All employers in the UK have a legal responsibility to prevent illegal working. In order to satisfy this requirement, it is important to undertake basic right to work checks before taking on any new employees, to make sure that they have the necessary immigration permission to work in the UK.
Provided that the necessary checks have been carried out, and a record has been kept of this, employers will have a “statutory” defence to a charge of illegal working. Failure to comply with the checking requirements can result in a civil offence under the Immigration, Asylum and Nationality Act 2006 being committed and a fine of up to £20,000 in the event that an employee is found to be working illegally. In addition, failure to comply can result in bad publicity and have an adverse effect on your licence to sponsor overseas workers in the future.
An employer commits a criminal offence under the Immigration, Asylum and Nationality Act 2006 if s/he knows or has reasonable cause to believe that s/he is employing an illegal worker. The penalty in this event is up to five years’ imprisonment and/or an unlimited fine.
Impact of Brexit – a summary
The UK left the European Union and free movement of people ended on 31 December 2020. There followed a six-month grace period during which relevant aspects of free movement law were retained to allow eligible EU citizens and their family members resident in the UK by 31 December 2020 to apply to remain here under the EU Settlement Scheme. This period ended on 30 June 2021.
From 1 July 2021, EEA citizens and their family members require immigration status to live and work in the UK. In most cases, they will need to show have applied for, or received settled or pre-settled status on or before 30 June 2021. If they arrived after 31 December 2020 they will need a visa in order to live and work in the UK.
The Home Office has made it clear that employers do not have to undertake retrospective checks on any EEA citizens who started working for you before 1 July 2021. You will maintain a continuous statutory excuse against liability for a civil penalty if the initial checks you made complied with the guidance that applied at the time you made them.
However, many employers are choosing to undertake checks for their own piece of mind. This leaves employers facing the question of what to do if they suddenly discover that an employee does not have the necessary permission to live and work in the UK.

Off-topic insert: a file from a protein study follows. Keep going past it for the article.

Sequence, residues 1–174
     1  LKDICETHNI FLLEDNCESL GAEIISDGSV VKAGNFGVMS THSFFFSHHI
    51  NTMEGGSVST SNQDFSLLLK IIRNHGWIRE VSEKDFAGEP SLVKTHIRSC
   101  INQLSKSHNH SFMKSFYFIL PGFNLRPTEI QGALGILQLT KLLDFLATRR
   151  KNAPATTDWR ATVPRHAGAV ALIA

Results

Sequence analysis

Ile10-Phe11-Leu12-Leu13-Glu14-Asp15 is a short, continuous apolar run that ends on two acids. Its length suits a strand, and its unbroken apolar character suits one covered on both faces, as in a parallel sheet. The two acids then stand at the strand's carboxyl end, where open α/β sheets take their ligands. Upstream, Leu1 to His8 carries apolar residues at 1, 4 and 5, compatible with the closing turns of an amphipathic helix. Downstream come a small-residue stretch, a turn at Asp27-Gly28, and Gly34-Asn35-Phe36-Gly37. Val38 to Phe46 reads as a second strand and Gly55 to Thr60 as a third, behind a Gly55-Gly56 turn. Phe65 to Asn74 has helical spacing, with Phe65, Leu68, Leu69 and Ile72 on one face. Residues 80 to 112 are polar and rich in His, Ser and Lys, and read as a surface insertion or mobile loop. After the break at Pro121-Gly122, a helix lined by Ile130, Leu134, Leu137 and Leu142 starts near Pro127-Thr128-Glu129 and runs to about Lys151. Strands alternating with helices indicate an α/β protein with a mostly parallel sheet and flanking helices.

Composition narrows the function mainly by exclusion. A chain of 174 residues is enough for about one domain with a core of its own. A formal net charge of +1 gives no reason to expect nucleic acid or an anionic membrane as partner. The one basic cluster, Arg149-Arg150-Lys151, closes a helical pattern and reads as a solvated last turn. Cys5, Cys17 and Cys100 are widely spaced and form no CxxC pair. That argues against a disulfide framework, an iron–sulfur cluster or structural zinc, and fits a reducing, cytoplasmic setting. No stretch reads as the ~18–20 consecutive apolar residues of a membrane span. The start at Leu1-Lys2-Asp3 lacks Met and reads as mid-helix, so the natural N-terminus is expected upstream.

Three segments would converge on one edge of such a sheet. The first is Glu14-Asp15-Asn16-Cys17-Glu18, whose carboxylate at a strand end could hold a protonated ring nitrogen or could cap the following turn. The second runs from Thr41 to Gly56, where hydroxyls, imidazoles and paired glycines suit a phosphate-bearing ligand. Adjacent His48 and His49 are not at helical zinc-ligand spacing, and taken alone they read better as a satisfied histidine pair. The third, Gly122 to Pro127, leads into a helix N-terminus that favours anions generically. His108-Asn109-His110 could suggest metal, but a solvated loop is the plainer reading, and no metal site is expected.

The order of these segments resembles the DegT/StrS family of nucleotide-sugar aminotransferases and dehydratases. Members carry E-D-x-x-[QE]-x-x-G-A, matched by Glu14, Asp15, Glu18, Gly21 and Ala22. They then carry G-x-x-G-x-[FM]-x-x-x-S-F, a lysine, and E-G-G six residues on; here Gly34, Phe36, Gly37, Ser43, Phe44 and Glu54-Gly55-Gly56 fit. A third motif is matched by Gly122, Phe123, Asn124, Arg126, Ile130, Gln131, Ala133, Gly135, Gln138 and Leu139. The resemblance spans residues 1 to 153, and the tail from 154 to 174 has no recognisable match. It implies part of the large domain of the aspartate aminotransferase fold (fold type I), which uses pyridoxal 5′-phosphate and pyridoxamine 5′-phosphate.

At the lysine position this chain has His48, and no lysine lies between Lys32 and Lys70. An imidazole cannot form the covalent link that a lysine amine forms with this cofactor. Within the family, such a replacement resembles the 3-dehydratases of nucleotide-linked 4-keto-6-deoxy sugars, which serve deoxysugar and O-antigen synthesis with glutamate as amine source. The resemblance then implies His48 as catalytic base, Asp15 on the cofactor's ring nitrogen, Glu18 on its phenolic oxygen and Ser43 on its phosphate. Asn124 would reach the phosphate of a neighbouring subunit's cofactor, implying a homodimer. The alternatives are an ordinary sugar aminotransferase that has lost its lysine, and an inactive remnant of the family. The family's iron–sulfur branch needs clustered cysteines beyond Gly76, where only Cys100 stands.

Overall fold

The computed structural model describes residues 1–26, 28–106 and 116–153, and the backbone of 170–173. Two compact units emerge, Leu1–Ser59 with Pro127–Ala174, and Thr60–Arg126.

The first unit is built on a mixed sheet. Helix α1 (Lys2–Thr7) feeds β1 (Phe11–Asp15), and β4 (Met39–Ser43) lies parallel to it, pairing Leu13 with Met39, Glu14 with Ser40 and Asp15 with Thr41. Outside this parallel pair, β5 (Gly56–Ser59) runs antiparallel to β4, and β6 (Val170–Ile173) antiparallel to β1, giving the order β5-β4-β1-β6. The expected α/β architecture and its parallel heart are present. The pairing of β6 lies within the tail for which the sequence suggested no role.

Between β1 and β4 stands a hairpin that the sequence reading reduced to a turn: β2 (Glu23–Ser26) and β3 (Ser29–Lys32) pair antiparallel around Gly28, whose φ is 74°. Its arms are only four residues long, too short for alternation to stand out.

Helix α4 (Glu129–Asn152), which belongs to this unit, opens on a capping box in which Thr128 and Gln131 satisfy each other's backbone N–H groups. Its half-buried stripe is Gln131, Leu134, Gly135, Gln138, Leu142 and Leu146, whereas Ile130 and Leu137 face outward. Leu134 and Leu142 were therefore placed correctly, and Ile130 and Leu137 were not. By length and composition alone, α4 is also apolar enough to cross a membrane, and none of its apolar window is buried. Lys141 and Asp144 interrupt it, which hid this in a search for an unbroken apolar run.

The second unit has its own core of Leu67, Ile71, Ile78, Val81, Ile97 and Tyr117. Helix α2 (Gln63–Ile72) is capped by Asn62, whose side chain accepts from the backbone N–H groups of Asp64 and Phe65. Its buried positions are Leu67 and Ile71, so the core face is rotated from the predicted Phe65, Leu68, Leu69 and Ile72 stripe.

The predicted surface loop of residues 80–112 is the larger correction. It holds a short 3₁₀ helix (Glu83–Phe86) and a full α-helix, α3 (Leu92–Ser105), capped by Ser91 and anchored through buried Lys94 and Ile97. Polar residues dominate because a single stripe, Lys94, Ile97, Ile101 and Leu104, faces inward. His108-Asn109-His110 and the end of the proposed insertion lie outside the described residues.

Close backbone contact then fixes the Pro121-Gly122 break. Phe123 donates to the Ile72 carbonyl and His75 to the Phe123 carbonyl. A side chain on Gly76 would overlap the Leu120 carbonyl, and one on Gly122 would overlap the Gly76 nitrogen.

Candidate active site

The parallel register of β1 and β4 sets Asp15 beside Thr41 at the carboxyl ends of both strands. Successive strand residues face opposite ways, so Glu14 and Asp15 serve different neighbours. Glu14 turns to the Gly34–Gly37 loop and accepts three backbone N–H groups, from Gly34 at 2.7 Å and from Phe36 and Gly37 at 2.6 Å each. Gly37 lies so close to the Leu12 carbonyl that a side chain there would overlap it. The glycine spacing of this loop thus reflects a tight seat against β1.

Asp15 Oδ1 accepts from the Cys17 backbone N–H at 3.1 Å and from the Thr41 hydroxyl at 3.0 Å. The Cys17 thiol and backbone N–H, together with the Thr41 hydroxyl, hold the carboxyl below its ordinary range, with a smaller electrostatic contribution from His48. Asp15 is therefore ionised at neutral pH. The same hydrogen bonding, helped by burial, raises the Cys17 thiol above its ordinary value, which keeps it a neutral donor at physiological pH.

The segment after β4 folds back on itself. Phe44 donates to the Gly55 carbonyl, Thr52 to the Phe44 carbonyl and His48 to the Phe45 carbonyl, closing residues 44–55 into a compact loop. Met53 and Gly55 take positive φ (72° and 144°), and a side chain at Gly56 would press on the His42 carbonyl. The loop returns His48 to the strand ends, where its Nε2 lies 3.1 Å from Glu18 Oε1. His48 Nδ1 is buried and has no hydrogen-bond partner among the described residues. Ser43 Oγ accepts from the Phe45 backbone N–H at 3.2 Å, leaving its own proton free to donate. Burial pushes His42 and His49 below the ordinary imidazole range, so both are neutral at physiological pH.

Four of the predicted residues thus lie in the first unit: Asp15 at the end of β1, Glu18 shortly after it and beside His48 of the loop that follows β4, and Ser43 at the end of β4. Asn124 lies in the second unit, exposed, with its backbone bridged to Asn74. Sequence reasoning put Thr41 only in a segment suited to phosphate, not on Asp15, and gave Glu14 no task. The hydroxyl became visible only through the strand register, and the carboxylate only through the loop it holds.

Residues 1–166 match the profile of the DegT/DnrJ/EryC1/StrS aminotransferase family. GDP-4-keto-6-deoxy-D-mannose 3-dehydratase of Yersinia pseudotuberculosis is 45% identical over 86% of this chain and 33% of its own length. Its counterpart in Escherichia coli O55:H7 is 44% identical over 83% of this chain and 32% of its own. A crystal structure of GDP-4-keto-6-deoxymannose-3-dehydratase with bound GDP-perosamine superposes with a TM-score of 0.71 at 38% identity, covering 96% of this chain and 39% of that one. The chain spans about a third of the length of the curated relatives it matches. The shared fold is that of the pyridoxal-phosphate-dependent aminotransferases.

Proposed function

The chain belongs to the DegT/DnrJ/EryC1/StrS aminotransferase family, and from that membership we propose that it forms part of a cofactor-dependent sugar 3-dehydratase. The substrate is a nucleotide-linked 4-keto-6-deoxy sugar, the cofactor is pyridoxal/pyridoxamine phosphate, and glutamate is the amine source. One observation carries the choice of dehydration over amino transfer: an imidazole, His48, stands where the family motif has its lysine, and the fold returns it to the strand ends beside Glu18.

The Home Office updated its ‘Employers guide to right to work checks‘ on 1 July to reflect the new rules. This states that it is not necessary to immediately dismiss a member of staff who has not applied for settled or pre-settled status by the 30 June 2021 deadline.
Instead, employers can advise the employee to make an application under the settlement scheme within 28 days, and continue to employ them during this time.
However, this option is only available if the employee in question started working for you on or before 30 June. It does not apply to anyone who has commenced employment since 1 July 2021.
In addition, this flexibility only lasts until the end of this year. After 1 January 2022, if you discover that any employee does not have the right to work here, it will be necessary to take immediate steps to dismiss them.
Reasonable excuse for missing the deadline
An EU national who has missed the deadline for applying will have to persuade the Home Office that they had a ‘reasonable excuse’. It seems likely that applicants will rely on ‘compelling practical or compassionate reasons’ as this is a broad category and could cover anyone who was unaware of the need to apply, perhaps because they had no internet access, limited computer literacy or limited English language skills. It could also cover applicants who lacked the necessary evidence, for example, those who were unable to obtain a valid ID document in time and were unaware they could rely on an expired document.
Practical steps and tips
If you decide to give your employee time to apply for settled or pre-settled status there are a number of steps to follow:
We recommend that employers consider conducting retrospective checks. If you discover that you are employing an EU national illegally, it will give them an opportunity to rectify the situation and it will be less disruptive and provide reassurance for your organisation in the longer term.